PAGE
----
“You notice the great, strange world!”

James Peach

“A real violin!” the Old-Green-Grasshopper cried. “Good heavens, I like that! My dear boy, I am a real violin! It is a part of my own body!”

“But do all grasshoppers play their music on violins, the same way as you do?” James asked him.

“No,” he answered, “not all. If you want to know, I happend to be a ‘short-horned’ grasshopper. I have two short feelers coming out of my head. Can you see them? There they are. They are quite short, aren’t they? That’s why they call me a ‘short-horn’. And we ‘short-horns’ are the only ones who play our music in the violin style, using a bow. My ‘long-horned’ relatives, the ones who have long, curvy feelers coming out of their heads, make their music siply by rubbing the edges of their two top wings together. They are not violinists, they are wing-rubbers. And a rather inverior noise these wing-rubbers produce, too, if I may say so. It sounds more like a banjo than a fiddle.”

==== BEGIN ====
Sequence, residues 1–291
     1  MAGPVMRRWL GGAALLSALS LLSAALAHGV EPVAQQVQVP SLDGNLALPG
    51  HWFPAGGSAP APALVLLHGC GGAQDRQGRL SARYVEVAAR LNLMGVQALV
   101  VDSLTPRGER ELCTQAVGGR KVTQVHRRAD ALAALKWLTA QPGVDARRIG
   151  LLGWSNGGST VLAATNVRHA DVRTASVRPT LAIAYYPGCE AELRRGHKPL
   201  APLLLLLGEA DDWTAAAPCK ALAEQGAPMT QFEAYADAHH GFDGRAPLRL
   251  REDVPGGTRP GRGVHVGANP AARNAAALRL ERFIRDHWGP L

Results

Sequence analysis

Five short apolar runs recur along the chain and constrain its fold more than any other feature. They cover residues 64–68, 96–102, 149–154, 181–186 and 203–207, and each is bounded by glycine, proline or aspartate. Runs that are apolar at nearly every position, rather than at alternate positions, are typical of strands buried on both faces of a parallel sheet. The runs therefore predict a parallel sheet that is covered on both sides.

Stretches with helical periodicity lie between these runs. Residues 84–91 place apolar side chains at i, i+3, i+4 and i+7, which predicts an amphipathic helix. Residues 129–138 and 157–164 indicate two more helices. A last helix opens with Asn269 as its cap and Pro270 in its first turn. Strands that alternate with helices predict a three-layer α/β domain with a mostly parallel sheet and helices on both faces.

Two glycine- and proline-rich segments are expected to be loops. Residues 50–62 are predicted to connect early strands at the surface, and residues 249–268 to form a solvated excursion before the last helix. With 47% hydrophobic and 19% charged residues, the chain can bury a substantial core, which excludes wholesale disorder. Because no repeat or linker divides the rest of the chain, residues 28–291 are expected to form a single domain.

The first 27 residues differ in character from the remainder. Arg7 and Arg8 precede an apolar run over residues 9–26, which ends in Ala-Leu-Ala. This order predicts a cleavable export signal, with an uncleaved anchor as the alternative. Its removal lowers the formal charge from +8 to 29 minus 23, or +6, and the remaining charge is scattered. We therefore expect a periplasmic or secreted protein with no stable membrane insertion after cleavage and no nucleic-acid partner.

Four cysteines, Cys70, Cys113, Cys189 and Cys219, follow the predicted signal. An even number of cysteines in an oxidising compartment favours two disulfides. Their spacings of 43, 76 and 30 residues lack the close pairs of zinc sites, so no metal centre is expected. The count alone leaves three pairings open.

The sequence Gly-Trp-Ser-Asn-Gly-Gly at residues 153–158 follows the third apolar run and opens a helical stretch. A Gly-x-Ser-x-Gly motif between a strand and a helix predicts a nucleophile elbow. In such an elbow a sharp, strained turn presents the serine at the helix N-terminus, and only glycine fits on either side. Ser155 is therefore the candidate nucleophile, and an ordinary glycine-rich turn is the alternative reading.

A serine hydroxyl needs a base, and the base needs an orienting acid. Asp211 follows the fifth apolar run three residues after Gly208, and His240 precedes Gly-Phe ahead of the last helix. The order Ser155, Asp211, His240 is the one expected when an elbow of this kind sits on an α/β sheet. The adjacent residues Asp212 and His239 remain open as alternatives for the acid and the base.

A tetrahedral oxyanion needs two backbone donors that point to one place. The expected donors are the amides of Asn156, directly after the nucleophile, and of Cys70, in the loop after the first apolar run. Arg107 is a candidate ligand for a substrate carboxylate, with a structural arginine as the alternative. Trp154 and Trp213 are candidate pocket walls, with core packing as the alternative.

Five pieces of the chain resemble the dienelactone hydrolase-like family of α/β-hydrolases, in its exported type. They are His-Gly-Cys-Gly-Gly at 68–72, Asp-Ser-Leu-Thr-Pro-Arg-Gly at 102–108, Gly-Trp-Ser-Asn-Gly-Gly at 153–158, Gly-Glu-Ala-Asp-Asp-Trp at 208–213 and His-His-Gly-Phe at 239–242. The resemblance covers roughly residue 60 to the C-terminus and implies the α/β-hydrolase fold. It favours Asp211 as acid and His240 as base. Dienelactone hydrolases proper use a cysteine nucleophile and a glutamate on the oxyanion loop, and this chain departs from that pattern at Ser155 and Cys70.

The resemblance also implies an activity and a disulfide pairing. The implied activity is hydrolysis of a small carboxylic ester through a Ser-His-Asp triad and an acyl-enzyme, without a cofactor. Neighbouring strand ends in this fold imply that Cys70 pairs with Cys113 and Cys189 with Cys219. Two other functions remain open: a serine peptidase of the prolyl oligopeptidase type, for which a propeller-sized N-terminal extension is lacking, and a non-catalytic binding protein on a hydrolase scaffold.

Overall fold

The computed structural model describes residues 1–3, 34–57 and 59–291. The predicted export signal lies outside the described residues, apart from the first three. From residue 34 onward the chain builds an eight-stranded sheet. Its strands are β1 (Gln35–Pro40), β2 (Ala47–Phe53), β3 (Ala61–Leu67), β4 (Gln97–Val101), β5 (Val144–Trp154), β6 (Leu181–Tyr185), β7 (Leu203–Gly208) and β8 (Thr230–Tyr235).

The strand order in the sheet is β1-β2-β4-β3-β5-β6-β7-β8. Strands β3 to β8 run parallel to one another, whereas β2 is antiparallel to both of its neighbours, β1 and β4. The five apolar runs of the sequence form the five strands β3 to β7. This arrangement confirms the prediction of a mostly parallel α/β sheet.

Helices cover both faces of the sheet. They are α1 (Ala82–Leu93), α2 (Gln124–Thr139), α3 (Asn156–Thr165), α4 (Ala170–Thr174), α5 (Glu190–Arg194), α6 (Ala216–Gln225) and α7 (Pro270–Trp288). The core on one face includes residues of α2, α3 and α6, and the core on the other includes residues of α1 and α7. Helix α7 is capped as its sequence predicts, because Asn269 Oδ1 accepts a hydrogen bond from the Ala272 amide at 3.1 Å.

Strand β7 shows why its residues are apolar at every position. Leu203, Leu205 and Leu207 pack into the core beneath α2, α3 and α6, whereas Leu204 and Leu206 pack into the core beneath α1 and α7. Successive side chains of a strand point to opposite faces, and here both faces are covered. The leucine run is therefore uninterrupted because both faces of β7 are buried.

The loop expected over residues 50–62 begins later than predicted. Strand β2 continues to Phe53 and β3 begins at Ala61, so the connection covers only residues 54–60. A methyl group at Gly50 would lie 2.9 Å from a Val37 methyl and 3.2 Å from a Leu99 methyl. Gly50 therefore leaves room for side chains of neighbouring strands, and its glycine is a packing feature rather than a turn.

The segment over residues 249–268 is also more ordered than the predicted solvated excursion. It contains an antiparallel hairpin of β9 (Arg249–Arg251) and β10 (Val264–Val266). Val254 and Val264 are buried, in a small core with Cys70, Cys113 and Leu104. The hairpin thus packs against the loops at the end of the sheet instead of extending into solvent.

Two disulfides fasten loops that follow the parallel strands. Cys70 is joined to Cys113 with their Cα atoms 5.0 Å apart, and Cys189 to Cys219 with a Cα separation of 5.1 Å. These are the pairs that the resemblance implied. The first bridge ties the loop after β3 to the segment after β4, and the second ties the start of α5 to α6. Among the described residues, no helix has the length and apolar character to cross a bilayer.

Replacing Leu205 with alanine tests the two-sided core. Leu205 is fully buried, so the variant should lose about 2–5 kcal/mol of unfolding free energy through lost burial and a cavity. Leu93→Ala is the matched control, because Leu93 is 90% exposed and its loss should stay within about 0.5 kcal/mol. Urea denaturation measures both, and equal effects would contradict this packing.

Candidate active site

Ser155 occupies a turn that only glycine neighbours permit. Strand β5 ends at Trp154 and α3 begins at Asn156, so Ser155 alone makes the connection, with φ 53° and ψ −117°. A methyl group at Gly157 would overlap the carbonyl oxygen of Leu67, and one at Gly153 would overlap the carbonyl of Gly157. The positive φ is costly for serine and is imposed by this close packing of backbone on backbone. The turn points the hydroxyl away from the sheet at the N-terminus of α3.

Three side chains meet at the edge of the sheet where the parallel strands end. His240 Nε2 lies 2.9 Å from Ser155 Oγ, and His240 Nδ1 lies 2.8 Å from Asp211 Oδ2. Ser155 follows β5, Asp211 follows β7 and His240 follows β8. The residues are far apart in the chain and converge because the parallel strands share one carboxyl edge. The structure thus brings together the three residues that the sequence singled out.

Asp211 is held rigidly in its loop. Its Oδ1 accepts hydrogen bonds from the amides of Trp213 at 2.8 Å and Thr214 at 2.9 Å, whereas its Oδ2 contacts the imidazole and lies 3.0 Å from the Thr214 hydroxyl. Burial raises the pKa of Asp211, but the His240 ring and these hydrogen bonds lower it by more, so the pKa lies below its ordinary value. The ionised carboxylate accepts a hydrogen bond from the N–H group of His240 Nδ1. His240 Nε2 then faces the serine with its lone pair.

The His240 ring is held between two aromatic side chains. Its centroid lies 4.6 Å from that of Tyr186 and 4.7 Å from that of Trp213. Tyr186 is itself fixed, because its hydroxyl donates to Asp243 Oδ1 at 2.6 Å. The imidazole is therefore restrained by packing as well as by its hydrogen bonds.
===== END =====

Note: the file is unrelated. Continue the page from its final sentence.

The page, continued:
“How fascinating this all is!” cried James. “And to think that up until now I had never even wondered how a grasshopper made his sounds.”

“My dear young fellow,” the Old-Green-Grasshopper said gently, “there are a whole lot of things in this world of ours that you haven’t started wondering about yet. Where, for example, do you think that I keep my ears?”

“You ears? Why, in your head, of course.”

Everyone burst out laughing.

James and the Giant Peach (1961), Chapter 24, by Roald Dahl.


The best compliment anyone ever gave me for my writing was when, in a short story I had written about a friend from school, I had described the image of February tree branches seen from below against an overcast Ohio cemetary sky. The best teacher I ever had, whose name I adopted for this blog, read it and said, “…and—how strange—you notice the great, strange world!” Another time he sent me a passage that had arrested his attention, from a book, a biography, about a boy noticing the grass in his mother’s front yard, and all the moving things among which it stood. The anniversary of his death is coming soon.

Thanks, dear reader, should you ever find me, for being my gadfly. May they rest in peace.


About philokalos

Philologist, historian, and lover of great books, I started this blog to keep myself alert to the beauty of what I see amid the demands of my work.
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